Security Architecture of the Chromium Browser
[link to pdf]
Adam Barth, Collin Jackson, Charles Reis, and The Google Chrome Team
Stanford Technical Report, September 2008.
Most current web browsers employ a monolithic architecture that combines "the user" and "the web" into a single protection domain. An attacker who exploits an arbitrary code execution vulnerability in such a browser can steal sensitive files or install malware. In this paper, we present the security architecture of Chromium, the open-source browser upon which Google Chrome is built. Chromium has two modules in separate protection domains: a browser kernel, which interacts with the operating system, and a rendering engine, which runs with restricted privileges in a sandbox. This architecture helps mitigate high-severity attacks without sacrificing compatibility with existing web sites. We define a threat model for browser exploits and evaluate how the architecture would have mitigated past vulnerabilities.
At University of Washington:
Web Browsers as Operating Systems: Supporting Robust and Secure Web Programs
Charles Reis, Ph.D. Dissertation, June 2009.
The World Wide Web has changed significantly since its introduction, facing a shift in its workload from passive web pages to active programs. Current web browsers were not designed for this demanding workload, and web content formats were not designed to express programs. As a result, the platform faces numerous robustness and security problems, ranging from interference between programs to script injection attacks to browser exploits.
This dissertation presents a set of contributions that adapt lessons from operating systems to make the web a more suitable platform for deploying and running programs. These efforts are based upon four architectural principles for supporting programs. First, we must recognize web programs and precisely identify the boundaries between them, while preserving compatibility with existing content. Second, we must improve browser architectures to effectively isolate web programs from each other at runtime. Third, publishers must have the ability to authorize the code that runs within the programs they deploy. Fourth, users must be able to enforce policies on the programs they run within their browser.
In this work, I incorporate these architectural principles into web browsers and web content, and I use experiments to quantify the improvements to robustness and performance while preserving backward compatibility. Additionally, some of these efforts have been incorporated into the Google Chrome web browser, demonstrating their practicality.
Using Processes to Improve the Reliability of Browser-based Applications
Charles Reis, Brian Bershad, Steven D. Gribble, Henry M. Levy
Technical Report UW-CSE-2007-12-01, University of Washington, December 2007.
Web content now includes programs that are executed directly within a web browser. Executable content, though, creates new reliability problems for users who rely on the browser to provide program services typical of operating systems. In particular, we find that the runtime environments of current browsers poorly isolate applications from one another. As a result, one web application executing within the browser can interfere with others, whether it be through an explicit failure or the excessive consumption of resources. Our goal is to make the browser a safe environment for running programs by introducing an isolation mechanism that insulates one application from the behavior of another. We show how to use OS processes within the browser to safely isolate programs in a way that is both efficient and backwards compatible with existing web sites.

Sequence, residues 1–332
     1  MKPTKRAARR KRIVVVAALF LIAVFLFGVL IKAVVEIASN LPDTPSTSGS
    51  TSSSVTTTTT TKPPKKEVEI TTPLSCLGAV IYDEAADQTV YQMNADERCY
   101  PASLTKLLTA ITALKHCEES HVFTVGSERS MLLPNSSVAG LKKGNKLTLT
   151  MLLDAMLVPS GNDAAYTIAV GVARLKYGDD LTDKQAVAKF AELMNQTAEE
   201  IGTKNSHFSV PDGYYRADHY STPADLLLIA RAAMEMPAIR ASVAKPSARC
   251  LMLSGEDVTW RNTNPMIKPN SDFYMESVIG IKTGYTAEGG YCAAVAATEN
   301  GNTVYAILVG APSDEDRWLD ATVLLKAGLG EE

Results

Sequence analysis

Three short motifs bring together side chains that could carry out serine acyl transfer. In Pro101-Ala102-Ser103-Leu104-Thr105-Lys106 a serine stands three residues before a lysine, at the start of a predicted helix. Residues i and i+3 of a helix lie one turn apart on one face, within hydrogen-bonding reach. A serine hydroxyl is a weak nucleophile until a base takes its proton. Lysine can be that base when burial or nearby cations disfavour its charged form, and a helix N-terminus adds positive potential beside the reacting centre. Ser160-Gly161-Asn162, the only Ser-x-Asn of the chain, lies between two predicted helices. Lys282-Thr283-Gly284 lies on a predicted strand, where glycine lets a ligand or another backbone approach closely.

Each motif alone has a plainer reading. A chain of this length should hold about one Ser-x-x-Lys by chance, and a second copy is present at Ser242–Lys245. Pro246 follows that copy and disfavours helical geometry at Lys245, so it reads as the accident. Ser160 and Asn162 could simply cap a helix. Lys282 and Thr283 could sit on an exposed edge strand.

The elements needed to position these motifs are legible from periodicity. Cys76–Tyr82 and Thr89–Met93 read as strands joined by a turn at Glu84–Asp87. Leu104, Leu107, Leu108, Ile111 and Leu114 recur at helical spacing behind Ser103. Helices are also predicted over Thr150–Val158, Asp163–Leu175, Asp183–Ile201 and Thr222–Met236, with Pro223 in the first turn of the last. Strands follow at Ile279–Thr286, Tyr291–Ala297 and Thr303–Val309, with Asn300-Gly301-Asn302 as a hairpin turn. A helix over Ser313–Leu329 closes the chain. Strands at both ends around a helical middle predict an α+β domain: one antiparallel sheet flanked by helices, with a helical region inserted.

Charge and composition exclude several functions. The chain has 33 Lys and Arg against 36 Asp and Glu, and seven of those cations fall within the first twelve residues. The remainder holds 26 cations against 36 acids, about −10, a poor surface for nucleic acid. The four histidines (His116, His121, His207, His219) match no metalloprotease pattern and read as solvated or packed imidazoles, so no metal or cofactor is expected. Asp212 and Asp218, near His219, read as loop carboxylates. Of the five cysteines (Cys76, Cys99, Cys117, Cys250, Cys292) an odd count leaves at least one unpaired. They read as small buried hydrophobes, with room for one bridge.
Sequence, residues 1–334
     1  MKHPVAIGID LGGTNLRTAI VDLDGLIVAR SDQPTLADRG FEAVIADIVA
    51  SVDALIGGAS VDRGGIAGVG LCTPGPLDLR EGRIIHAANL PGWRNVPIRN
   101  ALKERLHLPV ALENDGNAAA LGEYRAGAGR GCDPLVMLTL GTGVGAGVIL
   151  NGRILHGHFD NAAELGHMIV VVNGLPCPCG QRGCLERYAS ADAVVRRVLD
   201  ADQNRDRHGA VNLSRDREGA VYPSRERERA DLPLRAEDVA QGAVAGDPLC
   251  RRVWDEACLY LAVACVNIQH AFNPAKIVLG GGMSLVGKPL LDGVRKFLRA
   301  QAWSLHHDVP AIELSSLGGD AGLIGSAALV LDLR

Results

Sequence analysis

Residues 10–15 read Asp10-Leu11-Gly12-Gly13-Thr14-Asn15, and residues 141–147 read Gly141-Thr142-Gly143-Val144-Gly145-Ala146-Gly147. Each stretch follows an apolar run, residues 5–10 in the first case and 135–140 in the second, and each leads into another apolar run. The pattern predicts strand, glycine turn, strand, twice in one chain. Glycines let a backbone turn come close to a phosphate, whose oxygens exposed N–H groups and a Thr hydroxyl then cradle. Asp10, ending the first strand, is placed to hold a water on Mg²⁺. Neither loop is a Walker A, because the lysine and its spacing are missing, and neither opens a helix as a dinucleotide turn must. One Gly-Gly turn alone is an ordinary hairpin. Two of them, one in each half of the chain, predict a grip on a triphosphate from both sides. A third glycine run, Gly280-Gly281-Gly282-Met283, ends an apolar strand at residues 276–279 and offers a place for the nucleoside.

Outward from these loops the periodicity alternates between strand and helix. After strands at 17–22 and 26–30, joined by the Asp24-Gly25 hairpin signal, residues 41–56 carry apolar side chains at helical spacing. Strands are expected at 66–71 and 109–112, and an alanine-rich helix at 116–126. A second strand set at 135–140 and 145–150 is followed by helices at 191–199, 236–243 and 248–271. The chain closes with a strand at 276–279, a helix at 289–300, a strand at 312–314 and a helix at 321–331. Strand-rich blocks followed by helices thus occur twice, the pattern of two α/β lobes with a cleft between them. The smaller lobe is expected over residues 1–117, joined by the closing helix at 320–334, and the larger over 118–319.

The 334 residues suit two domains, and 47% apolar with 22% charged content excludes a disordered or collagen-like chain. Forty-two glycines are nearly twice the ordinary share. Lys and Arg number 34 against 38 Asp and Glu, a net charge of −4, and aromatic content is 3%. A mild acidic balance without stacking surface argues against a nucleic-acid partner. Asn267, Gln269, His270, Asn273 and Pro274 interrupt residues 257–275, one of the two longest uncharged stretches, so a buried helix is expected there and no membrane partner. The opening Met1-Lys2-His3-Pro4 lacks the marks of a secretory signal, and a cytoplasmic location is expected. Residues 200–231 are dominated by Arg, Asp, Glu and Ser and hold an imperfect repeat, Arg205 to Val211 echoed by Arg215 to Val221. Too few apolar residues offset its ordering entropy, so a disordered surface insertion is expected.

Improving the Security and Robustness of Modern Web Browsers
General Exam Report, University of Washington, May 2007.
Despite their popularity, modern web browsers do not offer a secure or
robust environment for interacting with untrusted content. Today's web
users face a variety of threats, including exploits of browser
vulnerabilities, interference between web sites, script injection
attacks, and abuse of authentication credentials. To address these
threats, I leverage an analogy between operating systems and web
browsers, as both must run independent programs from multiple sources.
My hypothesis is that mechanisms from OS research can improve the
security and robustness of modern web browsers. In this report, I
propose abstractions and mechanisms to isolate independent web content
within the browser, and I propose two separate interposition techniques
to support flexible security policies. Combined, these contributions
can improve the safety of web browsers, while preserving backwards
compatibility and imposing low overhead.
An Empirical Characterization of Wireless Network Behavior
Quals Paper, University of Washington, June 2005.
Existing work on understanding 802.11 wireless network behavior has been largely unsatisfactory for practical settings. Widely used simulators rely on unrealistic assumptions about signal propagation, while more detailed radio models are too complex to configure for predicting performance of an actual wireless system. To gain a more accurate understanding of wireless behavior in practice, we use experimentation on a wireless testbed and in controlled settings to effectively characterize packet delivery. We contribute a simple measurement-based model of wireless behavior, supported by empirical observations of relevant physical effects. Our model and observations can be used directly for designing and improving wireless protocols and systems in practice.
At Rice University: